Prenuptial agreements, or “prenups,” can be thought of as a bit controversial, but they are effective tools to ensure a fair and equitable distribution of assets, not only in the unfortunate case of divorce, but also when it comes to estate planning. Prenups are also becoming more popular–according to a study conducted by the American Academy of Matrimonial Lawyers, 62 percent of attorneys said prenups are on the rise, particularly among millennials.
Unless your wishes are clearly spelled out, in some states (known as “community property states”), the surviving spouse is automatically entitled to a substantial portion of your assets. A prenup can more clearly and accurately spell out what portion of the estate is left to the spouse. Prenups can also help decide what property or properties are considered shared or singularly owned. This delineation will help alleviate potential issues that might arise among surviving family members after a spouse’s passing.
Protection From Prior Debts
A prenup can offer protection to the surviving spouse from creditors trying to collect on a debt that preceded the marriage owed by the decedent. Without a prenup, creditors can attempt to collect from the surviving spouse, undoubtedly causing more undue stress and suffering during a difficult time.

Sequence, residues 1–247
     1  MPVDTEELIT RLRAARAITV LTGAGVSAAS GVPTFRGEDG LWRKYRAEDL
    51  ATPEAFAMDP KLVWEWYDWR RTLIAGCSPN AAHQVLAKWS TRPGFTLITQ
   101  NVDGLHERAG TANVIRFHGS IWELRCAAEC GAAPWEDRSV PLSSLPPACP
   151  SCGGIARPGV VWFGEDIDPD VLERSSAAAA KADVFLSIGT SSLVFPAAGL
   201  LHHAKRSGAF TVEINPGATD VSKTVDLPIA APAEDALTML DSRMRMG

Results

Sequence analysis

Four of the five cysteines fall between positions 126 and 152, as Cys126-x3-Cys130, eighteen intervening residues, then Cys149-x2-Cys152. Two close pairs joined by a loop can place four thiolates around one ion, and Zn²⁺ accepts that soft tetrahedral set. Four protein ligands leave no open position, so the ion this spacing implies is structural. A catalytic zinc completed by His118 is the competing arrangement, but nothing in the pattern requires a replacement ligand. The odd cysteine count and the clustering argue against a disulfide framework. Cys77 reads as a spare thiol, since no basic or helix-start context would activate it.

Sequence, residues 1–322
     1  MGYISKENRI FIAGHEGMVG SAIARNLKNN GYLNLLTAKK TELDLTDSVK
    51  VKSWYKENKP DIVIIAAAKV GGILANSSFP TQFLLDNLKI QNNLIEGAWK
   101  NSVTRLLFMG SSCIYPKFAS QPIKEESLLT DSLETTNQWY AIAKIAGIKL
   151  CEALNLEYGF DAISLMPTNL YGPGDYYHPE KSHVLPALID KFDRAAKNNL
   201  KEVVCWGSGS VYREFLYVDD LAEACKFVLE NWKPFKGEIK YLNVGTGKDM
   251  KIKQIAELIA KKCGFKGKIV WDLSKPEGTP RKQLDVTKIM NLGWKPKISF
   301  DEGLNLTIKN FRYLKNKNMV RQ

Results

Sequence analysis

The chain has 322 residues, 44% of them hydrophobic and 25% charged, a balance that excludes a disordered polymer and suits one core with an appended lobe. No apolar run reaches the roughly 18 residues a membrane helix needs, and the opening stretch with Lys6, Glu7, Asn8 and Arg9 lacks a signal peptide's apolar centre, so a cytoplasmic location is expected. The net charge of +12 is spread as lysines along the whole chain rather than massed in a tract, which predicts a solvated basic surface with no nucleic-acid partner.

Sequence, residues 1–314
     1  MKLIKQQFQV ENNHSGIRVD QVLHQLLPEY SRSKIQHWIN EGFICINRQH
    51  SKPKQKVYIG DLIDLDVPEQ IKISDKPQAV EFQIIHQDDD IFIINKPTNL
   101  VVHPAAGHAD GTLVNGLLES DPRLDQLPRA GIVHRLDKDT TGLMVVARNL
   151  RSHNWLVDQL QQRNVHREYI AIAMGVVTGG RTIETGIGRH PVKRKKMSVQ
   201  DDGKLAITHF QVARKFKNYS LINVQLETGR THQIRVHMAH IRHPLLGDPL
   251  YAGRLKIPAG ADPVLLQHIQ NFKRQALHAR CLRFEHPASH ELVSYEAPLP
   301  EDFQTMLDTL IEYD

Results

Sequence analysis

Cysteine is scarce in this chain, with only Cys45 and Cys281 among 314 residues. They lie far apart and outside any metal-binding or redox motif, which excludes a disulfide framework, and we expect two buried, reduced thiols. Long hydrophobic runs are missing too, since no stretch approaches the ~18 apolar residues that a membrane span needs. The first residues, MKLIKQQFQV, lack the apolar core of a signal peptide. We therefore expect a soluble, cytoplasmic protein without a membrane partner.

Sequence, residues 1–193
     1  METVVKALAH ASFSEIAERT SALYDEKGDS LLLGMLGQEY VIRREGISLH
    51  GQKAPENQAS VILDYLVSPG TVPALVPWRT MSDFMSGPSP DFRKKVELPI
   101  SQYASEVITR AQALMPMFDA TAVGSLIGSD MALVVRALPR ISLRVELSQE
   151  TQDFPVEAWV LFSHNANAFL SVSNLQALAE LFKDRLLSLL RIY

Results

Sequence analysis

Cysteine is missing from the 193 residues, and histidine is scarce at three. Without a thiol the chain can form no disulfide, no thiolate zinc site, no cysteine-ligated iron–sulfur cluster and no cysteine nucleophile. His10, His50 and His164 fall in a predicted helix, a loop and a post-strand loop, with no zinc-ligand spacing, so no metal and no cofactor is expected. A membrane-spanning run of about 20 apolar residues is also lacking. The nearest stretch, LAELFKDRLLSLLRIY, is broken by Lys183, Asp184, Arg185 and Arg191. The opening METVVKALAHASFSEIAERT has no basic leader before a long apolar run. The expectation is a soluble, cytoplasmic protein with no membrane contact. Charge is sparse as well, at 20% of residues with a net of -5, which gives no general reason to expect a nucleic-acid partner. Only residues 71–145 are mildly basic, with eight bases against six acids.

Working With a Will
A last will and testament is not always as iron clad as people believe it to be. A will is certainly an important estate planning tool and it can work best in conjunction with a prenup. At Wild Felice & Partners, we can walk you and your family through the estate planning process and help set up a plan that works best for all parties. A last will and testament should be revisited periodically to reflect major life events or changes–such as a marriage or divorce but also birth of a child or grandchild, a significant increase or decrease of assets, a serious illness or injury, etc.
Many couples will wait until after the marriage to work out an agreement, this is referred to as a “postnuptial” agreement. These can function similarly to a prenup, but consult with a lawyer about your state’s laws as many have different requirements for “postnup” agreements.
Prenups are an extremely useful tool in estate planning and work well with a traditional will. If your wishes are not clearly spelled out, shared with family members and reviewed by an attorney, you risk causing a great deal of confusion and turmoil after your passing. Mentioning your wishes to a spouse or sibling doesn’t hold up in court. Contact a WFP attorney today to discuss your estate planning options.